Historian Oliver Morton Dickerson was studying American colonial newspapers when he noticed identical articles appearing in newspapers in New York, Pennsylvania, Boston, elsewhere in the colonies and in England. It was an anonymous column called A Journal of the Times. The Journal covered daily events in Boston from September of 1768 through August of 1769 when Boston was under military occupation by the British. The last column was published in the New York Journal on November 30, 1769. Dickerson published the Journal in a book.
Frequent topics in the Journal included outrageous tax enforcement through zero tolerance searches and seizures in Boston Harbor (as orchestrated by the Treasury Board of Commissioners) and abuses by the occupying British soldiers who were robbing and beating the townspeople or raping an old woman and stealing her laundry. A third frequent topic in the Journal was the John Hancock Admiralty Court smuggling trial. Hancock was one of the wealthiest shipping merchants in the country. He had been accused by the British Empire of conspiring to unload goods from his commercial vessel without payment of duties. His trial attorney was John Adams. At the time, Adams was a thirty-three-year-old married attorney with two young kids and a third born shortly after the trial started.
The series of events that led up to Hancock’s Admiralty Court trial and his arrest in November of 1768 began to unfold when the Board of Customs Commissioners arrived in Boston to manage revenue collection for the American Colonies. They picked a fight with John Hancock and he with them. The Hancock trial was not their first attempt to make an example out of Hancock.
Seven months before Hancock’s arrest, the Board of Commissioners had wanted the local prosecutor to convict Hancock on a different matter – the manhandling of a tidesman named Owen Richards. A tidesman was a customs official stationed on deck to make sure goods were not smuggled ashore before clearance and payment of duties; and it was someone who would collect a third of the financial results as an informer. On April 8, 1768, Hancock and his men had discovered Richards standing on the upper deck of the brig Lydia. Richards did not have a Writ of Assistance, which was a court document necessary for Richards to search below deck. Richards told Hancock that he did not intend to search the Lydia. Hancock admonished his men not to let Richards go below deck. Richards was found below deck twice. The second time, Hancock’s men grabbed Richards and carried him above deck. For that, the Commissioners referred the matter to the local prosecutor, Jonathan Sewall.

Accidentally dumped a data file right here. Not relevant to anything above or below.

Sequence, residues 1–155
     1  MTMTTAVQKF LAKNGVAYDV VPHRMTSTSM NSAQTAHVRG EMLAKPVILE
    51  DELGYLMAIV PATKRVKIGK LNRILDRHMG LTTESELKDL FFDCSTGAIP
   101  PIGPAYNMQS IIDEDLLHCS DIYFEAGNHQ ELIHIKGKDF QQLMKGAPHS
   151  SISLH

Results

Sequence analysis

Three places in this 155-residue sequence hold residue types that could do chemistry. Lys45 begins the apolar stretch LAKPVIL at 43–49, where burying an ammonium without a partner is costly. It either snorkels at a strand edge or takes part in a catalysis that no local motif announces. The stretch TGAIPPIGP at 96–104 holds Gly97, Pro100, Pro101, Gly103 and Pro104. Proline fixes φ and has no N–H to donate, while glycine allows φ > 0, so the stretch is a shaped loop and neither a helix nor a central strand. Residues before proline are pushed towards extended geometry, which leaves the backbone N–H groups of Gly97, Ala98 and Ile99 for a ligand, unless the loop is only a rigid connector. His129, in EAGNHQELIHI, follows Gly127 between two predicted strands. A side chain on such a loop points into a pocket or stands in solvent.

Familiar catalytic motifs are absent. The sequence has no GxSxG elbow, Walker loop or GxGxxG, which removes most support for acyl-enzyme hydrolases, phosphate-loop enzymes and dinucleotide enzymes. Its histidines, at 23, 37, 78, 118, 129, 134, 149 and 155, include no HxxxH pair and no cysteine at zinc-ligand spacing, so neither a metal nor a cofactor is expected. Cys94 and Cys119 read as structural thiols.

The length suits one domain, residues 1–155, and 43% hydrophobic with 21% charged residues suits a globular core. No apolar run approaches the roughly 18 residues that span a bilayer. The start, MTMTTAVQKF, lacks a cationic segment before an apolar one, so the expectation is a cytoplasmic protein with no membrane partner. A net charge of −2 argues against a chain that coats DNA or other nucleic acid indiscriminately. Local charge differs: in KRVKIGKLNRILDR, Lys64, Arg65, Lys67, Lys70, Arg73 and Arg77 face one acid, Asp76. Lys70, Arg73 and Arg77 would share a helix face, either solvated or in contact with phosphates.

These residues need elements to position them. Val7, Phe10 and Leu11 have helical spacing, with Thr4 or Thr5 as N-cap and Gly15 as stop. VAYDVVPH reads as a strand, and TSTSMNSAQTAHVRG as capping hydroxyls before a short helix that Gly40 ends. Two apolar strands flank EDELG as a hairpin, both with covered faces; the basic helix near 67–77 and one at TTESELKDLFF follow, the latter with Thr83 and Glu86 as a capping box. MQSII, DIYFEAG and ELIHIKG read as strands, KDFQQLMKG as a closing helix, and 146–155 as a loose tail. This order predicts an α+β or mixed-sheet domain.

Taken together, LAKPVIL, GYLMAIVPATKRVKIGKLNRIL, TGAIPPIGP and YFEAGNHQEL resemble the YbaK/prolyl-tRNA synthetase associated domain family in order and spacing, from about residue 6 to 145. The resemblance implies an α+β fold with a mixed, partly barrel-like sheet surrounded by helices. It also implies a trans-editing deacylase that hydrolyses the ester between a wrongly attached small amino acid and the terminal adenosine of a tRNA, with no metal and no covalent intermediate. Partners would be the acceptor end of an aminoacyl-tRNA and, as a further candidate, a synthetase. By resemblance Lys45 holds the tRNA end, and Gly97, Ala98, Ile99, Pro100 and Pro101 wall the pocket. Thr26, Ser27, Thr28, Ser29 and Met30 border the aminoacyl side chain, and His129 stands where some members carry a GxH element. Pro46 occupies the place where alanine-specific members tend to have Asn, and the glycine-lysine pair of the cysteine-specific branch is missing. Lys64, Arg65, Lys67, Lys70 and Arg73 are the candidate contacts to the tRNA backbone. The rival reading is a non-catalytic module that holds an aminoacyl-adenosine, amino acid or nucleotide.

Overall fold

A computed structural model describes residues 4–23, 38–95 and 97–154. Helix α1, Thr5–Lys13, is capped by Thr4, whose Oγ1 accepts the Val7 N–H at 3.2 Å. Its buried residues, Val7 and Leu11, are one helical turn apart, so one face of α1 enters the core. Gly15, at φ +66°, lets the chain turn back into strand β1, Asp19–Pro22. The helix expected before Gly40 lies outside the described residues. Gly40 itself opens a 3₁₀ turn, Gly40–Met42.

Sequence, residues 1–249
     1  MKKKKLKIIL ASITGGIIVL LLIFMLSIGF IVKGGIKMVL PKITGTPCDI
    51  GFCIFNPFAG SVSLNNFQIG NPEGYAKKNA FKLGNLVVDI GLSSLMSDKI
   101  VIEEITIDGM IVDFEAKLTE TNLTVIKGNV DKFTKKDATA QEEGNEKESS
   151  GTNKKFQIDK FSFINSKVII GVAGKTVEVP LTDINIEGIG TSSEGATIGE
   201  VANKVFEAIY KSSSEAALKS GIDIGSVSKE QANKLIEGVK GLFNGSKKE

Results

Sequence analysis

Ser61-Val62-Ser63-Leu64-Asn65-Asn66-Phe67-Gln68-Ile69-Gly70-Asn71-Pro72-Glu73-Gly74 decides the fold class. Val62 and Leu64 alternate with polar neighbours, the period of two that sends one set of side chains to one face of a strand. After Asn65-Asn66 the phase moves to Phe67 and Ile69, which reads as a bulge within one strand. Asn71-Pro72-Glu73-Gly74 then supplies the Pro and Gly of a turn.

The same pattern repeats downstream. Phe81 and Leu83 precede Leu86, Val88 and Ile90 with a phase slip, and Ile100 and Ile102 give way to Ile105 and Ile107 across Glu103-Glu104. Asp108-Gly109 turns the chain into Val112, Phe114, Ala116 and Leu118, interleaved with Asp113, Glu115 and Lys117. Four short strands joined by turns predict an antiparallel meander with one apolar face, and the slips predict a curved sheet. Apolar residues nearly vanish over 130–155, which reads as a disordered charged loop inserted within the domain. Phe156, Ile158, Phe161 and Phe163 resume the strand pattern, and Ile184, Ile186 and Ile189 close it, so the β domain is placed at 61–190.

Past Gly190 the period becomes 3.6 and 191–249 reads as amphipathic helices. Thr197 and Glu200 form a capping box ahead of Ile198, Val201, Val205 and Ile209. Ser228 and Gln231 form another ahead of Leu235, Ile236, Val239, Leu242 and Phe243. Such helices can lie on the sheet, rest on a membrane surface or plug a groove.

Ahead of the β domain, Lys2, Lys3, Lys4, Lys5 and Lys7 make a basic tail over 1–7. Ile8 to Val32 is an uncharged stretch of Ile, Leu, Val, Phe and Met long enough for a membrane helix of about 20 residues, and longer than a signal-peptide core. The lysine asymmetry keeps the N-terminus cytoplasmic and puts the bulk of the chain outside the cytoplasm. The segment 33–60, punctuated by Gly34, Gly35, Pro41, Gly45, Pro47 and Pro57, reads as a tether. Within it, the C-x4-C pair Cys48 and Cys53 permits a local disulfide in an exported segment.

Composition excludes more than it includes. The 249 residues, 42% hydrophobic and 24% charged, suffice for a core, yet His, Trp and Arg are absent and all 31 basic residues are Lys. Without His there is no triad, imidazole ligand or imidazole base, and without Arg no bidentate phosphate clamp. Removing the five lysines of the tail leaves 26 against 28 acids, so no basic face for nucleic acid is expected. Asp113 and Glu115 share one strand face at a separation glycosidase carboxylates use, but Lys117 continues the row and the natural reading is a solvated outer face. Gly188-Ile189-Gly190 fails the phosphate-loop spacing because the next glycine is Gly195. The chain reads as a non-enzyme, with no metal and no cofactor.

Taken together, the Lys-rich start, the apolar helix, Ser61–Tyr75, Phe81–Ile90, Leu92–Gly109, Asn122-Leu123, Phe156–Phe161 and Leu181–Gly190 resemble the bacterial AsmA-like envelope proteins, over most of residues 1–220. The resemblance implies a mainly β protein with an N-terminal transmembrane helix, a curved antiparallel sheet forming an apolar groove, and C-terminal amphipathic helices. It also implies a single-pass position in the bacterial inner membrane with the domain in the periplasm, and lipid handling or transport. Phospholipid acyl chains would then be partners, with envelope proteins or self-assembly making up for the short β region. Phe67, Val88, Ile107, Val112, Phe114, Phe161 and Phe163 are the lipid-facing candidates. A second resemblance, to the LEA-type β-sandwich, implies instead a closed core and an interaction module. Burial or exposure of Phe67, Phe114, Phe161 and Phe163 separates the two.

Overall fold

Sewall declined to prosecute for two reasons. First, prosecution for forceful resistance to revenue collection required clubs or other weapons which were not present. Second, under the statute, the tidesman only had the authority “freely to go and remain on Board until the Vessel is discharged of her Lading.” Sewall decided that to be “on Board” meant to be “on deck” and Richards, without a Writ of Assistance, did not have authority to go below deck. 
The Commissioners wrote home to the Treasury Board, who also refused to authorize prosecution of Hancock. One reason the Commissioners gave in favor of prosecution was that Hancock and the members of his battalion had refused to attend a party because the Commissioners would be on the guest list:
We cannot omit mentioning to your Lordships that Mr. Hancock before named is one of the leaders of the Disaffected in this town, that early in the Winter he declared in the General Assembly that he would not suffer our officers to go even on board any of his London Ships and now he carries his opposition to Government to even a higher pitch. Being Major of his company of Cadets which distinguished itself in the year 1766 by putting a stop to the riots, and it being usual for the Governor to invite all the servants of the Crown to Dine with him on the Day of their general election, which happens on the 25th instant, a Majority of his Corps met together a few days ago and came to a resolution to acquaint the Governor, that they would not attend him on that occasion as usual if he invited the Commissioners of the Customs to dine with him, and this being signified to His Excellency, he answered that he would enter into no stipulation with them, and positively required their attendance. Mr. Hancock thereupon tore the seal off his Commission, and all the rest of the Company except nine Declared they would not continue any longer in the service. This infatuated man now gives out in public that if we are not recalled, he will get rid of us before Christmas. 
The charges against Hancock in the Admiralty Court were based on events occurring a month after the Lydia incident on the night of May 9, 1768 on Hancock’s sloop, the Liberty. When the Liberty unloaded the following day, the tidesman Thomas Kirk gave the sloop proper clearance. But a month later (on June 10) Kirk changed his mind. He swore out a new affidavit saying goods had been unshipped off the Liberty without payment of duties.